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The Relationship Between Students’ Levels of Inclusiveness on Various Floors of the CIRS Building Hanley, Carlotta; Nikolic, Mina; Rajamachvili, Anna; Ryan, Kathryn 2018-04-05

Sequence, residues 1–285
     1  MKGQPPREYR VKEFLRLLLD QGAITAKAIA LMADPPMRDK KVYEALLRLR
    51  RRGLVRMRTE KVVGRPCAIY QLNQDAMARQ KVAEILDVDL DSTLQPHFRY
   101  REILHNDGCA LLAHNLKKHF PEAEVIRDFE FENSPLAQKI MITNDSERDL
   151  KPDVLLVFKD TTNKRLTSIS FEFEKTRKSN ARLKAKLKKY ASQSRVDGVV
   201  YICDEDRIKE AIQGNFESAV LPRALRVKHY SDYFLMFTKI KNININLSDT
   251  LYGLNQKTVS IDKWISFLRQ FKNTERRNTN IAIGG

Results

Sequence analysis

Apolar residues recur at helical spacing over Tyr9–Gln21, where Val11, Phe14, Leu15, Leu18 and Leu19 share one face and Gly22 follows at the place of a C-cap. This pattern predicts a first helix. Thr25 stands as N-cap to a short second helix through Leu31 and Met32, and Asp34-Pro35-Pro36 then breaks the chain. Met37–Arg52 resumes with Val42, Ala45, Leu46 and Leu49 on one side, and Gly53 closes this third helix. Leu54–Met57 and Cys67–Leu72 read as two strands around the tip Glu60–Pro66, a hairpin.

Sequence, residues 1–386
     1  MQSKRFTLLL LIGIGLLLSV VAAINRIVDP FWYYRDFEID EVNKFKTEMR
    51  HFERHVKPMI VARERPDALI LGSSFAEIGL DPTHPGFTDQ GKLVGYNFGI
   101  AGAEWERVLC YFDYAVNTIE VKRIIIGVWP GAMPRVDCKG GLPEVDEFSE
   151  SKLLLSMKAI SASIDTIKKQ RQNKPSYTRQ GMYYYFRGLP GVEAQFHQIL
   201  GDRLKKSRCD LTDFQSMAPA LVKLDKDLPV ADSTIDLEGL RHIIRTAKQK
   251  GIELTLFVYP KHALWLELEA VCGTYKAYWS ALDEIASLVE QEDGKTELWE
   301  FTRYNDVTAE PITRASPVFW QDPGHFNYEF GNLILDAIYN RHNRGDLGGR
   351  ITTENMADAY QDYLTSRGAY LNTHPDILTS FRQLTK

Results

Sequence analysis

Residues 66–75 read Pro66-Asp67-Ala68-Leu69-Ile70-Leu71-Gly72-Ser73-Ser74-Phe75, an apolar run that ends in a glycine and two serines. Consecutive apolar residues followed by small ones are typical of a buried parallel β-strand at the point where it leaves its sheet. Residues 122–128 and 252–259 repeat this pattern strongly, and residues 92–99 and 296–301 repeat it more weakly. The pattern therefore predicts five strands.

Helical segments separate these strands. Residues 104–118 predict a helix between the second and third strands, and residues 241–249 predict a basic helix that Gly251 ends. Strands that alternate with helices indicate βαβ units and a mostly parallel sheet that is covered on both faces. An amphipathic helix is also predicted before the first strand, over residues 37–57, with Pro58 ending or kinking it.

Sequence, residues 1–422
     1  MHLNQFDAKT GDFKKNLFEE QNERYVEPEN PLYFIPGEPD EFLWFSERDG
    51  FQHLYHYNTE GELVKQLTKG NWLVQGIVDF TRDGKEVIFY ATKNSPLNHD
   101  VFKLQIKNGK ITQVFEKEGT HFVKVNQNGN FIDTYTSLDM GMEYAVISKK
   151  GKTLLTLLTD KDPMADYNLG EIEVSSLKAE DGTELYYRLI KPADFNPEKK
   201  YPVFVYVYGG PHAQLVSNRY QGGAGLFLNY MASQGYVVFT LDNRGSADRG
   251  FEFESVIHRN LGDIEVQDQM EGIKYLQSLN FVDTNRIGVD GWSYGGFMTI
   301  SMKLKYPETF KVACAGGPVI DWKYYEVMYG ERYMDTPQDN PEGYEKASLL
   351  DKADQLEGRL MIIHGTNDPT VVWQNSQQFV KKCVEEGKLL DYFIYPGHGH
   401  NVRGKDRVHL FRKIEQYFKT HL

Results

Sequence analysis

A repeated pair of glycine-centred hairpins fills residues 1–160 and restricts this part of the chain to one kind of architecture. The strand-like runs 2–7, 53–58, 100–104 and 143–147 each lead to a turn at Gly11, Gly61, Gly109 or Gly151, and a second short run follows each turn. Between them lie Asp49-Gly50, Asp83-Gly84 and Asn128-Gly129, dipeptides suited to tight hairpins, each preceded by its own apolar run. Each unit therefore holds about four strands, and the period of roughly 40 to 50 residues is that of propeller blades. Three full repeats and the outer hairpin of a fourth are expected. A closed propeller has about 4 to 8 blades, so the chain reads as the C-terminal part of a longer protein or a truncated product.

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UBC Social Ecological Economic Development Studies (SEEDS) Sustainability Program  Student Research Report         The Relationship Between Students’ Levels of Inclusiveness on Various Floors of the CIRS Building Carlotta Hanley, Mina Nikolic, Anna Rajamachvili, Kathryn Ryan University of British Columbia PSYC 321 Buildings, Wellbeing April 5, 2018        Disclaimer: “UBC SEEDS Sustainability Program provides students with the opportunity to share the findings of their studies, as well as their opinions, conclusions and recommendations with the UBC community. The reader should bear in mind that this is a student research project/report and is not an official document of UBC. Furthermore, readers should bear in mind that these reports may not reflect the current status of activities at UBC. We urge you to contact the research persons mentioned in a report or the SEEDS Sustainability Program representative about the current status of the subject matter of a project/report”. 2    EXECUTIVE SUMMARY  In our present study, we investigated whether students’ being on various floors of the CIRS building affected their feelings of inclusiveness and belongingness. We administered a ten-question survey to 66 participants on the first, second and third floors of the CIRS building that asked about their time spent the building and their levels of inclusiveness and belongingness. Our results found that students on the second floor felt greater levels of belonging than students on the first and third floors. The results also found that students on the third floor felt more wel-come than students on the first and second floors. Lastly, we found that students on the first floor had the greatest feelings of inclusiveness in the UBC community in comparison to students on the second and third floors. Our study suffered from certain limitations such as small sample size and time constraint that students may have experienced to complete the survey. Future research should conduct qualitative studies in order to determine reasoning behind students reported lev-els of inclusiveness and belonging.   3 The Relationship Between Students’ Levels of Inclusiveness on Various Floors of the CIRS Building  Team Vancouver: Carlotta Hanley, Mina Nikolic, Anna Rajamachvili, and Kathryn Ryan  INTRODUCTION  According to the Annual Report on Enrolment for the 2017/18 school year, the Vancou-ver campus of the University of British Columbia had a total of 55,780 undergraduate and gradu-ate students enrolled (Szeri & Mathieson, 2018). Each year, students around the world are intro-duced to UBC’s ethereal but very large campus, which some may find intimidating.   Previous research conducted has examined various topics in regard to students’ university experiences such as students’ preference for study spaces or the relationship between noise, pri-vacy and stress. Arlove, Johnston, Koyuncu, & Uribe (2015) identified three cafes at the UBC campus that were most preferred, neutral, and least preferred based on student responses. Partici-pants in each cafe were asked to rate certain factors in their environment such as noise level. The study found that factors most important for student wellbeing were location, lighting and airflow (Arlove, Johnston, Koyuncu, & Uribe, 2015). Sandhu, Uy, Kim, & Frackiewicz (2015) examined the relationship between noise and privacy in the study spaces of UBC students and their re-ported stress levels. Their research found that in comparison to study spaces with low noise lev-els and high privacy levels, study spaces with high noise levels and low privacy levels produced higher stress levels in students (2015). Similarly, Shim, Cheng, Javaherdoust, & Jung (2016) ex-amined student stress levels but based on attendance at community events and activities on cam-pus. Overall, their research suggests that attending annual events at UBC more frequently is not related to lower stress levels (2016).   The existing research conducted at the University of British Columbia has touched upon various factors that affect the experiences of students on campus. However, no study has yet ex-amined the relationship between feelings of inclusiveness and belonging on various floors of campus buildings. The present study was motivated by this knowledge gap and therefore con-ducted a study to examine this relationship, specifically in the CIRS building.   RESEARCH QUESTION AND HYPOTHESIS  Since it is such a large campus, for our research project we wanted to test students’ re-ported level of inclusiveness, specifically focusing on the CIRS building. We decided to test re-ported levels of inclusiveness in the building, as well as UBC campus as a whole, finding partici-pants on the first three floors CIRS building. We hypothesize that students on the first floor would report lower levels of inclusiveness than students on higher floors. We suspect that stu-dents visiting higher floors have an affiliation with CIRS, whether it be studying or visiting a staff member, thus correlating to higher levels of inclusiveness. We suspect this because students on the second and third floor may actively choose to study there. Furthermore, we hypothesize that students on the first floor will report higher levels of belonging in the UBC community be-cause of their exposure to increased social stimulation.   METHODS 4 To measure our hypothesis, we administered a 10-question questionnaire, consisting of multiple choice and Likert scale questions to assess students’ feelings of inclusiveness and be-longing with regard to the CIRS building. Our independent variable was the floor the students were located on, and our dependent variable was the students’ different feelings of inclusiveness according to the floor. to The student participants were randomly selected and were already re-siding in the CIRS building, at which time the survey was administered to them. The students’ location in the CIRS building, whether first, second or third floor, was our 3 conditions being tested, again, hypothesizing that students on the higher floors would report higher levels of feel-ing included within CIRS. In total, our research used the responses of 66 participants: with 22 students on the first floor, 19 students on the second floor, and 21 students on the third floor. The 10 question questionnaire began with questions concerning which floor the participant was cur-rently on, how much time they spent in the building on the average week, and which floors they most frequently visited. Furthermore, they were then asked about their current mood and if any events in the last 24 hours affected their response. Lastly, using Likert scale questions the partici-pant reported feelings of inclusiveness and welcoming associated with CIRS and if they person-ally felt included in the UBC community overall.  RESULTS  After administrating the questionnaire to 66 students at the University of British Colum-bia, we identified that different floor levels had different effects towards a student’s feeling of belongingness and inclusiveness in the CIRS building, along with UBC’s campus. For the first floor, 26 participants were tested, which composed 39.39% of total participants. On the second floor, 19 participants were tested upon, composing of 28.79% of total participants. For the third floor, 21 participants were tested, composing of 31.82% of total participants.  As shown in Appendix B, the results identify the level of calmness, the feeling of wel-comeness, the hours of visit and belongingness on each floor of the CIRS building, as well as the inclusiveness amongst the UBC campus based on participants on different floors. After calculat-ing the results for each floor and the level of inclusiveness associated with the CIRS building, the results showed that the participants on the second floor (M = 3.47, SD = 0.612) felt more belong-ingness to the CIRS building than participants on the first floor (M = 3.12, SD = 1.211) and par-ticipants on the third floor (M = 3.10, SD = 1.136). When evaluating the results for the level of welcomeness of the CIRS building, the results showed that the participants on the third floor (M = 2.57, SD = 0.746) felt more welcome in the CIRS building than the participants in the first floor (M = 2.31, SD = 1.192) and the participants on the second floor (M = 2.21, SD = 0.918). The results showed that the calmness of the participants on the first  (M = 3.31, SD = 1.158) and second floor (M = 3.26, SD = 0.991) were more calm than participants on the third floor (M = 2.81, SD = 1.25). Finally, the results of inclusiveness on the UBC campus showed that the partic-ipants on the first floor (M = 4.19, SD = 1.059) felt more included on the UBC campus than par-ticipants on the second floor (M = 3.53, SD = 0.772) and participants on the third floor (M = 3.14, SD = 1.062).  After evaluating the 66 participants, the results, in Appendix C, showed that 37.88% of the total participants felt neutral about being included within the CIRS building, 37.88% felt somewhat welcomed in the building and 28.79% felt neutral about their inclusiveness within the UBC community. The results also identified that 61.54% of participants on the first floor were in the CIRS building for attending classes, while 94.74% of the participants on the second floor and 5 85.71% of the participants on the third floor were in CIRS for studying purposes. 34.62% of par-ticipants on the first floor spent less than three hours or between three to five hours in the build-ing per week; whereas, 31.58% of the participants on the second floor spent between three to five hours per week and 33.33% of the participants on the third floor spent between five to ten hours per week in the building.   An ANOVA revealed that there was a significant difference between the hours of visits to the CIRS building for the first floor and third floor (p < 0.05), as seen in Appendix D. An ANOVA also revealed a significant difference between the levels of inclusiveness within the UBC campus to the first and third floor (p < 0.05). There was not a significant difference be-tween the different floor levels and calmness, feelings of belonging and welcomeness within the CIRS building and inclusiveness between the first and second floor.  DISCUSSION  This study intended to measure and examine whether the floor level a student was on, af-fected their feeling of belongingness or inclusiveness in CIRS Building.  We were specifically interested in examining the functional role of students’ reasons for visiting the CIRS building, and hypothesized that students visiting higher floors have an affiliation with CIRS, whether it be studying or visiting a staff member which would correlate to higher levels of inclusiveness. By using multiple choice and Likert-Like Questions, we asked students to rate their feelings of in-clusiveness in the CIRS building, and their level of inclusiveness in the UBC community as a whole.  Limitations   The present study was subjected to predicted limitations as well as unforeseen limitations that arose after collecting and analyzing data responses. Predicted limitations consisted of a small sample size, time constraints, and the environment in which the survey took place in. Due to the fact that the sample size was composed of 66 participants, our findings are not generalizable; therefore, our findings may not accurately represent the rest of the population.  There were con-siderably less participants on the second and third floor compared to the first, so when collecting data, we would have to wait around for new participants to test. Furthermore, since we did not produce any incentive for survey participation, we needed to keep our questionnaire short and concise, as they produce higher rates of completion compared to longer ones (Cozby & Rawn, 2016). Since students may have wanted to quickly get back to what they were doing, participants may have rushed through their answers in order to finish quickly, potentially leading to added stress. Increases in stress may cause participants to not read the question correctly or to not take their time and consideration with their answers. On the first floor, the study was held in a busy, loud environment with high volume and many other people around. The noisy environment may have distracted or further stressed our participants. The space on the second and third floor was more confined, producing opportunities for participants to see other’s completing questionnaires, as well as opportunities for awaiting participants to view the survey. All of these limitations gen-erate susceptibilities and threats to the internal validity of the study because these limitations may offer an alternative explanation to the findings of the study. An unforeseen limitation that arose post data collection is that there were higher reports of inclusiveness in the UBC commu-nity on the first floor, compared to the second and third. With such a small effect it is difficult to 6 say with certainty that the floor a participant is on influences their feelings of inclusiveness. The reversal effect of higher feelings of inclusiveness in the UBC community adds uncertainty, as it rejects our hypothesis and contradicts our findings of feelings of inclusiveness in the CIRS build-ing. If we were to re-run the study these variables could be improved by testing more partici-pants, and creating quiet spaces on each floor that is separate for participants to complete the sur-vey unrushed, and in a calm, quiet environment. This would beneficial as it has potential to in-crease the external validity of the study.  Implications    Feelings of inclusiveness were reported lowest on the first floor, compared to the second and third. We hypothesize that this may be influenced by their reason for visiting the CIRS building. The first floor’s primary purpose was to attend class, whereas participants on the sec-ond and third floor’s primary purpose was to study. Those on the second and third floor may have reported higher levels of inclusiveness because they voluntarily chose to study there. The majority of people on the first floor reported feeling the most included in the UBC community- we hypothesize that this may be influenced by higher levels of social interaction they experience compared to the second and third floor. The cafe may contribute to higher feelings of inclusive-ness as it provides students with an opportunity to purchase food, also acting as common meeting area for eating, socializing or studying. Feelings of welcomeness were reported lowest on the third floor, followed by the first floor, with highest levels on the second floor. We hypothesize that the third floor reports lowest because it contains offices and work spaces for staff.  Further we hypothesize that participants on the third floor reported lowest feelings of welcomeness be-cause of social isolation. There were significantly less students on the third floor compared to the first and second.  Feelings of both inclusiveness and welcomeness was reported highest on the second floor. We hypothesize that this may be because students feel comfortable enough to vol-untarily study there, and that staff offices and work spaces are located on the third floor.  Recommendations for UBC  Further considerations may include a qualitative assessment to the study where partici-pants explain why they chose certain answers regarding feeling of inclusiveness in the CIRS building. This would allow researchers to examine to why students are feelings this way, and if there are confounding variables that offer an alternative explanation. Moreover, researchers must consider individual differences within this study because individual differences may influence the participants’ answers.  Participants own level of introversion or extroversion may mediate their perception of feelings of inclusiveness in the CIRS Building. Future studies should aim to balance personality factors such as introversion and extroversion, as well as analyze how the par-ticipants’ personality characteristics affects their answers. Although the spaces on the second and third floor are structurally different compared to the first, we did see statistical significance re-garding higher feelings of inclusiveness in the UBC community on the first floor.  Future studies should focus on improving feelings of inclusiveness on the second and third floor by adding a vending machine or proper signage.  A suggestion we have for our client would be to implement a sign notifying students that there are more study spaces on the second and third floor, this 7 would increase social stimulation which we hypothesized lead to higher reported feelings of in-clusiveness in the UBC community. A further suggestion would include installing a vending ma-chine on the second or third floor. Currently, there are no opportunities to buy food on the sec-ond or third floor in the CIRS building, and we hypothesized that the cafe on the first floor may contribute to higher levels of inclusiveness. Future studies may focus on other external factors affect feelings of inclusiveness in the UBC community. This could be done by way of measuring inclusiveness after the Annual Ranking of Canadian Universities is released. Future studies may also consider comparing feelings of inclusiveness between buildings order to find further test what makes UBC students feel included on campus.  Discovering and implementing strategies to promote inclusiveness may yield as an additive benefit for UBC campus as it may further in-crease student’s positive feelings towards school and campus life as a whole.                            8 Appendix A. Example Survey Questions  Example 1. Multiple choice question Example 2. Likert Scale question 9 Appendix B. Different Means Within Each Floors  10 Appendix C. Different Effects on Floor Levels Floor One:         11 Floor Two:        12 Floor Three:        13 Appendix D. ANOVA Results and Significance Levels     14 References Arlove, A., Johnston, C., Koyuncu, L., & Uribe, N. (2015) How built environment affects wellbe-ing based on students’ preference for different cafes in the UBC Vancouver campus. Van-couver. Retrieved from https://open.library.ubc.ca/cIRcle/collections/undergradua-teresearch/18861/items/1.0108858 Cozby, P. C., & Rawn, C. D. (2016) Methods in Behavioral Research. Unified States of Amer-ica. McGraw-Hill Ryerson Limited.  Sandhu, A., Uy, E., Kim, K., & Frackiewicz, M. (2015). The Relationship Between Noise and Privacy in UBC Students’ Study Spaces and Reported Stress Levels. Vancouver. Re-trieved from https://open.library.ubc.ca/cIRcle/collections/undergradua-teresearch/18861/items/1.0228115  Shim, B., Cheng, D., Javaherdoust, J., & Jung, S. (2016). Relationship between community events and activities on campus and student stress. Vancouver. Retrieved from https://open.library.ubc.ca/cIRcle/collections/undergradua-teresearch/18861/items/1.0343396 Szeri, A. & Mathieson, C. (2018). 2017/18 Annual Report on Enrolment. Retrieved from https://senate.ubc.ca/sites/senate.ubc.ca/files/downloads/2017-18-Enrolment-Report.pdf